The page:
In terms of the story, SYABH doesn’t offer much. Instead, it focuses on giving the player a series of questions with very few answers. Whilst looting the environment, the player may stumble upon letters that focus less on telling a complex narrative than telling the player a series of stories from the perspective of the original residents to the now-abandoned towns and regions you’ll spend your time exploring. It’s heavily implied, at least from the notes I stumbled upon, that these towns and locations were at some point taken over by these robotic hunters and the villager population has assumedly been hunted to extinction. While it’s possible I missed some of the more hidden lore, SYABH‘s lack of a story isn’t something that bothered me – if anything it made me eager to see more of this interesting world.


Charming Yet Frightening Enemies

Initially, the enemies you face in the game may appear quite humorous, for example, you may see a hunter taking a moment to have a cup of tea or a patrolling group of hunters may chat about the weather. It’s these charming moments however that hide the enemies’ more sinister presence. What makes the game’s enemies frightening is firstly that they hit very hard – standard hunters wield shotguns that can cause a lot of damage. Fortunately, you can dispatch these enemies and even take their weapons, but it’s the game’s later enemies that will truly inspire terror.

Enemies can both and unnerve and surprise – Source: Game capture – Chris Clawson


The game has numerous enemy types, each with their own set of strengths and weaknesses, and the game forces you to learn their patterns, figuring out how to outsmart them. The enemy that frightens me the most, however, is “The Landowner”, an enemy that was marketed as the game’s most haunting foe during its early access period. The Landowner is frightening not because of his attacks, but because of his unnerving movement pattern as well as him being an indestructible pursuer who will not stop once he sees you. His design is also considerably more frightening than some of the other enemies.  The game also features other enemy types like dogs, trackers, patrolling hot air balloons and more – these enemies are incredibly unique visually and each one presents a different challenge.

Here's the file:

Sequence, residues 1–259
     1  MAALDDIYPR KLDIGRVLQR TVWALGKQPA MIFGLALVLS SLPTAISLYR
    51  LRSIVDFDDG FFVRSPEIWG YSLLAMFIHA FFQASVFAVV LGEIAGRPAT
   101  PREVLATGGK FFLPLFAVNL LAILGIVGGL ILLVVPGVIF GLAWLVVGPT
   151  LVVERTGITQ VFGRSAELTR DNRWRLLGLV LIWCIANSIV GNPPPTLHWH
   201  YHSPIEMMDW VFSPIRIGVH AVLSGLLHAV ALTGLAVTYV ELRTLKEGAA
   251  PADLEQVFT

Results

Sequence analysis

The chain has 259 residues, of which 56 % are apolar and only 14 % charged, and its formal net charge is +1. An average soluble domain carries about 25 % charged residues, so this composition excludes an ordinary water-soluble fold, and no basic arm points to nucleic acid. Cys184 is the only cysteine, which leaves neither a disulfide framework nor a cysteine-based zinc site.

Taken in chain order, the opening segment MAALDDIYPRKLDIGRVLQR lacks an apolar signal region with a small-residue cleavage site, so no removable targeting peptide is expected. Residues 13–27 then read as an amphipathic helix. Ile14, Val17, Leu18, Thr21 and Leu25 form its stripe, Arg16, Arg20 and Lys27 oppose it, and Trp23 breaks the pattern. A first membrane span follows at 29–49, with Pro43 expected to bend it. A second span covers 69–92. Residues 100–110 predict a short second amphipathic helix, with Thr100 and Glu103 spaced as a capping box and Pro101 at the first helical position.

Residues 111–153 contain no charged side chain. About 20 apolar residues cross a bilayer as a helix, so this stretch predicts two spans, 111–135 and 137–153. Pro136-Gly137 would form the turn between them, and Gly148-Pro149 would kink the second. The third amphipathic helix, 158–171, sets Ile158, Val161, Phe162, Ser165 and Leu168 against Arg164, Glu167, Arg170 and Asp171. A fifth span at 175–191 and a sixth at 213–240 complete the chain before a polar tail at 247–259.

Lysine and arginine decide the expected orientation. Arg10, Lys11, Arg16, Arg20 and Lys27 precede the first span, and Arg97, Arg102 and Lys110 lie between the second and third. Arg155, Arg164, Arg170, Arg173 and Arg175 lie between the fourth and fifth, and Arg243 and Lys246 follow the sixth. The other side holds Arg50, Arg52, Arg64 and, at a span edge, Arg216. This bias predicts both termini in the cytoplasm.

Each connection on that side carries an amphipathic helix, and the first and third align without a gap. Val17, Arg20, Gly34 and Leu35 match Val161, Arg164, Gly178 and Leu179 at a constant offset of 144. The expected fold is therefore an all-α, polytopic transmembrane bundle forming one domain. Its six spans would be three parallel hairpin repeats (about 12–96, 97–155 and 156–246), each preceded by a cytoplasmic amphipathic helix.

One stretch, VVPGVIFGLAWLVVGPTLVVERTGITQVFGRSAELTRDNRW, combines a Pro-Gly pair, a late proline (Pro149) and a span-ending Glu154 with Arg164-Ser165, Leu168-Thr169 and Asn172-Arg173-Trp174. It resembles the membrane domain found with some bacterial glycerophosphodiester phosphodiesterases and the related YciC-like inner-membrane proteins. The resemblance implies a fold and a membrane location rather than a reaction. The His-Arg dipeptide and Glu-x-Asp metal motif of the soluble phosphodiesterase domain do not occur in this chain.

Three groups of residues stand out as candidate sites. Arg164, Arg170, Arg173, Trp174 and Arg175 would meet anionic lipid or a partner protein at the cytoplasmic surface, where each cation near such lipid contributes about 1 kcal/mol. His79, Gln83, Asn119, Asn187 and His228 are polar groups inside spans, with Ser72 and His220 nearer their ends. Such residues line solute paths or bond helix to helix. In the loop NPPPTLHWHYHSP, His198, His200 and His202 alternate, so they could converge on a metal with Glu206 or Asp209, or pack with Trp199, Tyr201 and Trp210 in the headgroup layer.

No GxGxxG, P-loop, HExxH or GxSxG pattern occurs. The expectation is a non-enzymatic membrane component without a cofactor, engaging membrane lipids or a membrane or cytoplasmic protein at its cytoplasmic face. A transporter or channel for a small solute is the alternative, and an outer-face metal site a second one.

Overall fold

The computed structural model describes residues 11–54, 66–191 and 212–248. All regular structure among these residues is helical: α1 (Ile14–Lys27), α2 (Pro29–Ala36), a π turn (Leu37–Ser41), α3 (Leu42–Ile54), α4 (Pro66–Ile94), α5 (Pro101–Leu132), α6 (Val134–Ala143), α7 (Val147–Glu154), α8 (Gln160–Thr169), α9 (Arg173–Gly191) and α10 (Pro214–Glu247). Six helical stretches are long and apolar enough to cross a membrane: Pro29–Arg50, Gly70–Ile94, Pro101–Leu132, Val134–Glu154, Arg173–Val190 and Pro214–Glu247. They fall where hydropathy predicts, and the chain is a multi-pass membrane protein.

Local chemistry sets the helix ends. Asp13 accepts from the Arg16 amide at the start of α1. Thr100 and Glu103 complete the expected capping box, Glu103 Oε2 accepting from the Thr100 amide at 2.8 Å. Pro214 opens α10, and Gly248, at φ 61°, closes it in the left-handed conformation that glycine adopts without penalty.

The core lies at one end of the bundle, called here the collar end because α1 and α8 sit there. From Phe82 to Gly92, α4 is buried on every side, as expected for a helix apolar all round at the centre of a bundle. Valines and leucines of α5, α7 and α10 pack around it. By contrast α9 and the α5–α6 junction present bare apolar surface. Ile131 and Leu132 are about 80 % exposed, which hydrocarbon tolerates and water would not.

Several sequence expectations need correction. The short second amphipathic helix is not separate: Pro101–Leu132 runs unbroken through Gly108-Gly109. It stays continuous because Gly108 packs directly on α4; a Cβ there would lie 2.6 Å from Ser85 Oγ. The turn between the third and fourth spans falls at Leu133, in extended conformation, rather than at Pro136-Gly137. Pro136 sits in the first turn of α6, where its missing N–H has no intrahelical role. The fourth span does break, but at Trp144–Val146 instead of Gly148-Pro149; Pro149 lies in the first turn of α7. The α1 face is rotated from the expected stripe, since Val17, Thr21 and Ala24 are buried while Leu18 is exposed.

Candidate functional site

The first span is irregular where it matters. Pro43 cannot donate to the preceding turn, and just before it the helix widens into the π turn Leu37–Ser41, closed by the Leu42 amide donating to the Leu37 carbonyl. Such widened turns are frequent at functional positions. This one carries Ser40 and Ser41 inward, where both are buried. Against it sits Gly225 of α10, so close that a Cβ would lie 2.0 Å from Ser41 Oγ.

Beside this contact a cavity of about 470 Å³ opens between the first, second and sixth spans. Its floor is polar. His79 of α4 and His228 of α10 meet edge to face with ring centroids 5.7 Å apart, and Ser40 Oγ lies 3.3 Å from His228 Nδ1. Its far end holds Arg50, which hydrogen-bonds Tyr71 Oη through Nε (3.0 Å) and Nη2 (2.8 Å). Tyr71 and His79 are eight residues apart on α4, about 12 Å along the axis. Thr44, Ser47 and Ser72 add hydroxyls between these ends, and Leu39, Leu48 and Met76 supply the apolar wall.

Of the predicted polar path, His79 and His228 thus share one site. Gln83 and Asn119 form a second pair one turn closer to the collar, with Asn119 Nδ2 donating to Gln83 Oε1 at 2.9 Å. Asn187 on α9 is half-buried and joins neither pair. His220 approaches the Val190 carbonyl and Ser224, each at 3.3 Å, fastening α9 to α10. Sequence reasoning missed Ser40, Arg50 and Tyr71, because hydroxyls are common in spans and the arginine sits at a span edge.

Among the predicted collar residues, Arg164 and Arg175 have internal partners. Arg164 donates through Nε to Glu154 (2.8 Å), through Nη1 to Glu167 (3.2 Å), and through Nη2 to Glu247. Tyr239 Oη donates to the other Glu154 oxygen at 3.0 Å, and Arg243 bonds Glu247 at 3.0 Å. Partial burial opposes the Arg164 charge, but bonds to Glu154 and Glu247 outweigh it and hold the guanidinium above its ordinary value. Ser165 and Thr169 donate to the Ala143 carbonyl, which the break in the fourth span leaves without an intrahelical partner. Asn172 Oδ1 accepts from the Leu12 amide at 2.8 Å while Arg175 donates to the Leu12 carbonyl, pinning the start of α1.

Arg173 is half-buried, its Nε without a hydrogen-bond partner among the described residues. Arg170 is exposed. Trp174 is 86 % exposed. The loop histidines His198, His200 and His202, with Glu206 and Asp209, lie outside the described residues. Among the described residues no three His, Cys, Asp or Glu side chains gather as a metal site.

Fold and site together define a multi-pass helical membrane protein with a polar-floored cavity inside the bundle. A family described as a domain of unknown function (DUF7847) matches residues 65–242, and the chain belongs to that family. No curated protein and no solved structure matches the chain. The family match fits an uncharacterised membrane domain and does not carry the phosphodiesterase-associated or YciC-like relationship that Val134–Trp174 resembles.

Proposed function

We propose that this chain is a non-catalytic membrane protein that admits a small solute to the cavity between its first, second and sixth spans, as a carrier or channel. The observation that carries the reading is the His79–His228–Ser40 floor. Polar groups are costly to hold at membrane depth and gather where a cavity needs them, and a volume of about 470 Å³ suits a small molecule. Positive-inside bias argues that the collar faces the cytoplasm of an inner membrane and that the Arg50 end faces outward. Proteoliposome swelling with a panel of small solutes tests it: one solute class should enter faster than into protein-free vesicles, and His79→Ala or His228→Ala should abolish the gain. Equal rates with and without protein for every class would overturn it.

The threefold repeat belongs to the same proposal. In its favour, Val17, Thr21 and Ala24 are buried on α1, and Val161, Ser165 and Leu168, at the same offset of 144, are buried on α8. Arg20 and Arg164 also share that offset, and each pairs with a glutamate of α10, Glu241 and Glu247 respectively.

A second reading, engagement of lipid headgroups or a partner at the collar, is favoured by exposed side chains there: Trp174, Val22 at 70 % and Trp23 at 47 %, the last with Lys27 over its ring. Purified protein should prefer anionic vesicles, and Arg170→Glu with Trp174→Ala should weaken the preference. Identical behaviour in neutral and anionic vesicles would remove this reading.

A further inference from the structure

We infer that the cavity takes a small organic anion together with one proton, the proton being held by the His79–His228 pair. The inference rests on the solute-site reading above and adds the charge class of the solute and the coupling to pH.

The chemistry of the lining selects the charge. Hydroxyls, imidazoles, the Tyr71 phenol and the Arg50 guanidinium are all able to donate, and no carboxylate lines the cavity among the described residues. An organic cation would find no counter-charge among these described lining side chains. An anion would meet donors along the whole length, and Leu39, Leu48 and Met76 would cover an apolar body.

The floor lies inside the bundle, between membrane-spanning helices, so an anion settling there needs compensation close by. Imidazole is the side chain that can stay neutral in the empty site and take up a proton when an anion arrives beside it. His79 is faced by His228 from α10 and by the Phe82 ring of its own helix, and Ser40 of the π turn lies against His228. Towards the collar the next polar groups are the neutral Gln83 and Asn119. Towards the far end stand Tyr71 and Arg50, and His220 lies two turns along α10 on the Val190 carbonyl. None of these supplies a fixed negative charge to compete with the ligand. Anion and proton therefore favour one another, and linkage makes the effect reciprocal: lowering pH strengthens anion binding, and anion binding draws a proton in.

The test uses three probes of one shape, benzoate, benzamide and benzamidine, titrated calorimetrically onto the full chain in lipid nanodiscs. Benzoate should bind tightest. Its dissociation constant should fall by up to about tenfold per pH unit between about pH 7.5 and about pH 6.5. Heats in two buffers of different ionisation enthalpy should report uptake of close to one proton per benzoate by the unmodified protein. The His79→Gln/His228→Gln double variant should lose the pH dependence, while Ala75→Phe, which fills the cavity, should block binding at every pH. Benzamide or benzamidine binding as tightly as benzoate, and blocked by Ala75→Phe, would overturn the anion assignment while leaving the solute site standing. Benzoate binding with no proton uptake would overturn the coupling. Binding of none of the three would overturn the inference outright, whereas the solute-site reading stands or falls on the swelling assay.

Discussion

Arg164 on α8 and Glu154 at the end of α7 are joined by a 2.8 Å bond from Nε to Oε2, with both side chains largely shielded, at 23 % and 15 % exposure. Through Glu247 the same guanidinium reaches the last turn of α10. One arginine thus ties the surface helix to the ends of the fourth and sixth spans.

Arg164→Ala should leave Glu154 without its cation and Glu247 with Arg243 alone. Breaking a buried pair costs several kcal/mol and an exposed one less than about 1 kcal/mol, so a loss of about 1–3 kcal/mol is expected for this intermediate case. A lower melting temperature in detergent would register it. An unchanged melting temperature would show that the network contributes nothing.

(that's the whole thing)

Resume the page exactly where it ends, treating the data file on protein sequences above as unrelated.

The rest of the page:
You Are Being Hunted

Where the challenge of SYABH comes in is with its progressive difficulty that slowly ramps up as players collect more standing stone pieces. Each successfully delivered piece increases the number and variety of enemies, with enemies like The Landowner showing up after you’ve collected around a quarter of the game’s total pieces. This is where stealth plays heavily into surviving the game’s challenging foes. With environment exploits like thick grass being a useful tool in avoiding enemy patrols, the game also gives you multiple tools to distract your enemies such as glass bottles, or model trains. Furthermore, you are also able to use melee weapons to sneak up behind enemies, although this does seem to still alert nearby enemies. Additionally, you can switch on the ability to mark enemies using binoculars.


Monuments to your robotic pursuers hammer home the oppressive atmosphere – Source: game capture – Chris Clawson


However, stealth often feels very difficult to use. There are no ways to dispatch enemies without causing lots of noise, and a quiet option to dispatch opponents like attack dogs would add some much-needed balance. But perhaps this difficulty helps in keeping the enemies threatening throughout the whole game. I enjoy the game giving you options for how to avoid fights, although in my case it often ends with me running through the nearest patch of grass or tall trees in order to dodge the massive amounts of hot lead being hurled at me.